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Chef EdB
Over 50 years in food service business 35 as Ex Chef. Specializing in Volume upscale Catering both on and off premise .(former Exec. Chef in the largest on premise caterer in US  with 17 Million Dollars per year annual volume). 
      Well versed in all facets of Continental Cuisine...

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post #10 of 45

Pretty pure here, too.

chickpeas (canned or fresh, I do both depending upon what I have) tahini, lemon, garlic, Olive oil parsley.  But I always add cumin and I don't like it without cumin.  To me, it is like having pasta with no trace of garlic in/on anything.   Has to have cumin.

 

I have not been adding paprika, Margcata.  I think I will try that since I like it in most things.

 

Now that we've settled that, I'm looking for a really great Greek kibbe recipe. I've had both raw and cooked, and I like both.  Anybody got one????

Donna

post #11 of 45
Quote:
Originally Posted by IndyGal View Post

Pretty pure here, too.

chickpeas (canned or fresh, I do both depending upon what I have) tahini, lemon, garlic, Olive oil parsley.  But I always add cumin and I don't like it without cumin.  To me, it is like having pasta with no trace of garlic in/on anything.   Has to have cumin.

 

I have not been adding paprika, Margcata.  I think I will try that since I like it in most things.

 

Now that we've settled that, I'm looking for a really great Greek kibbe recipe. I've had both raw and cooked, and I like both.  Anybody got one????

Donna

Like these?  Never had Greek Kibbe.  I'm from a background of Halabian Jews or Jews from Aleppo so the the ingredients may vary from what some consider standard.  These fried kibbeh do not have meat in the shell like traditional Syrian or Lebanese kibbeh do. Meat in the stuffing for sure.   We use tomato in our kibbeh neyeh.

 


CIMG5663.JPGkibbeh neyeh.jpg

 

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post #12 of 45
Thread Starter 
Quote:
Originally Posted by IndyGal View Post

Pretty pure here, too.

chickpeas (canned or fresh, I do both depending upon what I have) tahini, lemon, garlic, Olive oil parsley.  But I always add cumin and I don't like it without cumin.  To me, it is like having pasta with no trace of garlic in/on anything.   Has to have cumin.

 

I have not been adding paprika, Margcata.  I think I will try that since I like it in most things.

 

Now that we've settled that, I'm looking for a really great Greek kibbe recipe. I've had both raw and cooked, and I like both.  Anybody got one????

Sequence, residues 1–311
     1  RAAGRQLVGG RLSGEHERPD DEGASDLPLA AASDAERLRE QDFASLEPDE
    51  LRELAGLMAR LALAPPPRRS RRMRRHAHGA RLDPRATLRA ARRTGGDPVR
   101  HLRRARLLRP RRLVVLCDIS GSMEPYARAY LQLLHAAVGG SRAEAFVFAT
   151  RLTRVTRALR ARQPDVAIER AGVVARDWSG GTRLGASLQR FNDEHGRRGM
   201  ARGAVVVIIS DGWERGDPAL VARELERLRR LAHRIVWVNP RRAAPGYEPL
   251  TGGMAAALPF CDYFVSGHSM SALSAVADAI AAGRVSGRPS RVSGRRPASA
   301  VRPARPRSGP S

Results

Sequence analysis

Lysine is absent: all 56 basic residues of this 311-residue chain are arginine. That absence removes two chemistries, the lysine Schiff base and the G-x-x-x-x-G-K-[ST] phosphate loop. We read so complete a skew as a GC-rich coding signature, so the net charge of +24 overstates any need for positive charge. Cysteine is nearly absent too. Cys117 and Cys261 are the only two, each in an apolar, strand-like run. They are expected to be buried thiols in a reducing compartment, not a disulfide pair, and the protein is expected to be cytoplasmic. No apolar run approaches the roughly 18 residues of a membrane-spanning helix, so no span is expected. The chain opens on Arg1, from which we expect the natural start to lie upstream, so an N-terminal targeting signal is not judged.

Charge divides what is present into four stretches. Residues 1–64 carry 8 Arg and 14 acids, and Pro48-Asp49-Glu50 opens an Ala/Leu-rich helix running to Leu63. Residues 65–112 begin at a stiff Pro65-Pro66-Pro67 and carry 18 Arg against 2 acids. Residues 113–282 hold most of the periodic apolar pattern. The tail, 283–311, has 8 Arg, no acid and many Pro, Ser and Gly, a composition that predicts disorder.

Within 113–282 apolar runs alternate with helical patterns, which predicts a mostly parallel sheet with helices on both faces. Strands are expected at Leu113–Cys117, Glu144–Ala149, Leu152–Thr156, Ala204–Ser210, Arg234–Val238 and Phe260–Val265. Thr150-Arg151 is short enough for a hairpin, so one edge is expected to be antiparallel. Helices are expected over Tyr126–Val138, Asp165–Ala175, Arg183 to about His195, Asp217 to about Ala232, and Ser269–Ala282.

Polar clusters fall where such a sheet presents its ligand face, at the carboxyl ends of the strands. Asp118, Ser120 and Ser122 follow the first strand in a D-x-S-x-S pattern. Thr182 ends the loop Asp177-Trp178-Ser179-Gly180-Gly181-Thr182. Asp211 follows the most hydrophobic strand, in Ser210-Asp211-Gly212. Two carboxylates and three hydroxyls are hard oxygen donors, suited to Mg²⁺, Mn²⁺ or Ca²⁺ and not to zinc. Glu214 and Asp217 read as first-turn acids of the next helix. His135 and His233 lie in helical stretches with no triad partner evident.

Donna

 

I've never put parsley in my hummus, never seen it either.  Is this a norm?

 

I've never heard of a kibbe, much less a greek kibbe. 
 

 

"You are what you eat, so don't be fast, cheap, easy, or fake."

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post #13 of 45

Kibbe is more of a traditional semitic food. Ground lamb, seasonings and such. There are raw and cooked versions.

 

I have to admit, it's something that I've not made or even tried as it seems like  more work than reward. It has a lot of cultural impact though, sort of a comfort/soul food so I probably lack the background to appreciate it properly.

post #14 of 45

that just makes my mouth water.  Any chance you would share some family recipes?
 

Quote:
Originally Posted by Scubadoo97 View Post

Like these?  Never had Greek Kibbe.  I'm from a background of Halabian Jews or Jews from Aleppo so the the ingredients may vary from what some consider standard.  These fried kibbeh do not have meat in the shell like traditional Syrian or Lebanese kibbeh do. Meat in the stuffing for sure.   We use tomato in our kibbeh neyeh.

 


CIMG5663.JPGkibbeh neyeh.jpg

 



 

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post #15 of 45
Quote:
Originally Posted by Koukouvagia View Post

 

I've never put parsley in my hummus, never seen it either.  Is this a norm?

 

I've never heard of a kibbe, much less a greek kibbe. 
 

 


what can i say kk? call me a maverick!

joey

 

food is like love...it should be entered into with abandon or not at all        Harriet Van Horne

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food is like love...it should be entered into with abandon or not at all        Harriet Van Horne

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post #16 of 45

Scubadoo97, Oh yeah!

 

Those look great!   I'm with tigerwoman, can you please share the recipes?

I only said "Greek Kibbe" because I've only had it at Greek restaurants.

 

So good drizzled with some EVOO on toasted pita points.

Donna

 
 

Quote:
Originally Posted by tigerwoman View Post

that just makes my mouth water.  Any chance you would share some family recipes?
 



 



 

post #17 of 45

I must say they look good too.

 

@ KK : The original recipe calls for tahini but  if you don't have tahini you can use peanut butter. Has anyone ever tried this ? I had to add it when I ran out of tahini once and it had a very nice flavor.

 

Petals.

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post #18 of 45

 

@ Petals,

 

Olive oil and the chickpeas, shall form a homogenous pureé dip, even without the Tahine ( sesame ). However, peanut butter, wouldn´t  this create a sweetness atypical to a hummus ?

 

Margcata.

post #19 of 45
Thread Starter 
Quote:
Originally Posted by petalsandcoco View Post

I must say they look good too.

 

@ KK : The original recipe calls for tahini but  if you don't have tahini you can use peanut butter. Has anyone ever tried this ? I had to add it when I ran out of tahini once and it had a very nice flavor.

 

Petals.


This is definitely something worth trying! 

 

"You are what you eat, so don't be fast, cheap, easy, or fake."

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"You are what you eat, so don't be fast, cheap, easy, or fake."